Piet Mondrian – the Dutch painter who is synonymous with tightly gridded abstractions— never used a ruler, it turns out.
That was one of numerous revelations emphasized by curators at the Fondation Beyeler in Basel, Switzerland, which has a multi-year research project that preceded a retrospective by the famous artist, now on display through October.
Mondrian “made marks on the edges and then painted these lines very slowly. They look precise, but are based on intuition,” says Ulf Kuster, who organized the exhibition. For the Dutch artist, painting was a ‘long process of looking, composing, erasing’, the curator explained.
The neoplasticist’s greatest hits abound with countless right angles and intersecting lines, so it’s hard to believe he didn’t use a tool. But Mondrian’s reluctance to use a ruler says more about his dogmatic — and often laborious — approach to art, Kuster noted.
“I really learned that [Mondrian] was a painter who was always in control of what he did,” the curator said of his experience working on the show. “I didn’t realize how meticulous this painting process must have been for him and how thoughtfully he looked at things and how much he thought about painting.”
‘Mondrian Evolution’ is the name of Kuster’s exhibition, which marks the 150th birthday of the artist. It’s also a description of what viewers can expect from de Beyeler: an overview of Mondrian’s career, starting with his younger endeavors in portraiture and landscape.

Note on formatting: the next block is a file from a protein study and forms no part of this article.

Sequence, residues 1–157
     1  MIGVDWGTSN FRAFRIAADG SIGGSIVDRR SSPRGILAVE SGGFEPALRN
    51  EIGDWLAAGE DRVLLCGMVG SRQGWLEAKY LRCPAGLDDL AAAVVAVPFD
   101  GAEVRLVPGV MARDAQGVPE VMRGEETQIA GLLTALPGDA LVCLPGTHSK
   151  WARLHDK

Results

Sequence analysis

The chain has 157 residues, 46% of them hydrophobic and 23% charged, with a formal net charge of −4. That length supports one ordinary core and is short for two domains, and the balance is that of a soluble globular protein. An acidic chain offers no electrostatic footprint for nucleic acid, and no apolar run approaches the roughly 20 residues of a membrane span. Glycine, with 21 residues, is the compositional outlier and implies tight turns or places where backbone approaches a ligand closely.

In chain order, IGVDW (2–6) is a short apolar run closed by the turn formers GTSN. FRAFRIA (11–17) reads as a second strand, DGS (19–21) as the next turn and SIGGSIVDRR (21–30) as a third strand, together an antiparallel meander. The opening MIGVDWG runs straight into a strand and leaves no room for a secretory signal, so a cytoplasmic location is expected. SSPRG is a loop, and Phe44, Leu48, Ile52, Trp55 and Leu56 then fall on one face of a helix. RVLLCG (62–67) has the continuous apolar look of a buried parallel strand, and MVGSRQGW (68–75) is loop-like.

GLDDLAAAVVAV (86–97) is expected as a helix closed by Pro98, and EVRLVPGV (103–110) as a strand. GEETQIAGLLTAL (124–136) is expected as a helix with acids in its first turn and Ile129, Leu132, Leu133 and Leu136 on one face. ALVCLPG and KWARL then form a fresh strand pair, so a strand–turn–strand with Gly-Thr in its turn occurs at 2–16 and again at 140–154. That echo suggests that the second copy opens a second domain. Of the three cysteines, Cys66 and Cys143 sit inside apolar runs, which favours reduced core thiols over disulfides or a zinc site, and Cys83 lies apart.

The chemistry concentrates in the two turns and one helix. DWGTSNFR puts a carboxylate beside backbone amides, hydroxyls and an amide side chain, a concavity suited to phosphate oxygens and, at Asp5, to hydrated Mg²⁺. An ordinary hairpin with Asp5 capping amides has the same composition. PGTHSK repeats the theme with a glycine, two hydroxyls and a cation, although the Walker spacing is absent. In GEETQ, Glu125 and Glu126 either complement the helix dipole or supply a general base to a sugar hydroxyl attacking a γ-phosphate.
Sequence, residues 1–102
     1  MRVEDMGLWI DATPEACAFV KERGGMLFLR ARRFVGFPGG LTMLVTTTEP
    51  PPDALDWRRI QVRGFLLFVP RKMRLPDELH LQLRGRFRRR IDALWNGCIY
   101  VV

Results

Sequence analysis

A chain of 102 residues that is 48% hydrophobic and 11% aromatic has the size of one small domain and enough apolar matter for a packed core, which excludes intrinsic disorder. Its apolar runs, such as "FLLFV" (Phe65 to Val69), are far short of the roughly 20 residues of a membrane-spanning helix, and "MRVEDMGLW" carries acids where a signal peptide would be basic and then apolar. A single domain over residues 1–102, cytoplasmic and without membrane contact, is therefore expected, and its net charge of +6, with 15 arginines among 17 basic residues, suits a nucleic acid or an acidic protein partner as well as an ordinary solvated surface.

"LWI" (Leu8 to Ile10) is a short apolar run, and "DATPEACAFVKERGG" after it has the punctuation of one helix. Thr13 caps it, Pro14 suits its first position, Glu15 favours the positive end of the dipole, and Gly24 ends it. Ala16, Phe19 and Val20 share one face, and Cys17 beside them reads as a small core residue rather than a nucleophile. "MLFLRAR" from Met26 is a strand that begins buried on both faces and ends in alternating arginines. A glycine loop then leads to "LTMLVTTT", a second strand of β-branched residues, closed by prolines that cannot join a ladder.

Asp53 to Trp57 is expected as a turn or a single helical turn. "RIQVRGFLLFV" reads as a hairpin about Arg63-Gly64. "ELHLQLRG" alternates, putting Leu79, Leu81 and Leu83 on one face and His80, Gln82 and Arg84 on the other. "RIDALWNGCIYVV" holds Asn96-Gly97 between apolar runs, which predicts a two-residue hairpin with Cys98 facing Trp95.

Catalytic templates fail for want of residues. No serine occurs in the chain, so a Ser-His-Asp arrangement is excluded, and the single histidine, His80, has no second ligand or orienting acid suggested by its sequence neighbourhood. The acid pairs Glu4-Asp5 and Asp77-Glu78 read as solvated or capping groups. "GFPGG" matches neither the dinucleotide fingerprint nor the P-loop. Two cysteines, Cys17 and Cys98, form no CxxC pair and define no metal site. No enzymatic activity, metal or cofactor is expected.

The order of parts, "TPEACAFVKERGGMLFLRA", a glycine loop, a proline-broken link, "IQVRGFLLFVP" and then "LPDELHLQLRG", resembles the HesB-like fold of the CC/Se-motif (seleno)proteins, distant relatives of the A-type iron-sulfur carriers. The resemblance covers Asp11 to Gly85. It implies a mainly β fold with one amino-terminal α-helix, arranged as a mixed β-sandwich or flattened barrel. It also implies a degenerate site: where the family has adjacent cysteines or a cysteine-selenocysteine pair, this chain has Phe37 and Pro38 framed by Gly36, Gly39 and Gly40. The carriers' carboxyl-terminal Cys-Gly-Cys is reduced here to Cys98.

Those early paintings, completed in the Netherlands just before and after the 19th century, bear no resemblance to the paintings he would later become known for. But it is also not difficult to recognize shared DNA strands. See, for example, his many studies of whirling windmills and multi-branched trees: it is clear that the artist was already trying to translate into oil paint the geometry that dominates the world around us.
“He was looking for harmony, but harmony is never symmetry,” Kuster said. “Harmony should have tension over time.”
With exposure to painters such as Picasso and Braqueand a period of several years in Paris, abstraction began to permeate Mondrian’s canvases around 1911. Its once-representative scenes of Dutch waterways dissolved into cubist abstractions that, while still living in civilizationprioritized form over substance.
Within the next decade, he returned to the Netherlands and then went back to Paris. His loosely painted cubes turned into hard rectangles; his cool, Fauvist-inspired palette was replaced by solid bands of color. The style that would come to be known as “De Stijl” was born.
From classical figuration to cutting-edge abstraction, the entire trajectory of Mondrian’s work on display in de Beyeler reflects the evolution of modernism itself. But the Dutch artist also shows us how important it is to look beyond that well-known story, Kuster emphasized.
“Mondriaan is someone who teaches you a lot about painting,” said the curator, showing his own affection for the artist. “The art historical – and in many ways useful – idea that modern art is a development from figuration to abstraction is okay, but it’s not really interesting for artists.”
‘For an artist,’ Kuster continued, ‘it is not important whether it is representative or non-representative, because it is always abstract. It is always abstract, because painting is abstraction.”
Check out some highlights of “Mondrian Evolution” below:
†Mondrian Evolution” is now on display until October 9, 2022 at the Fondation Beyeler in Basel, Switzerland.
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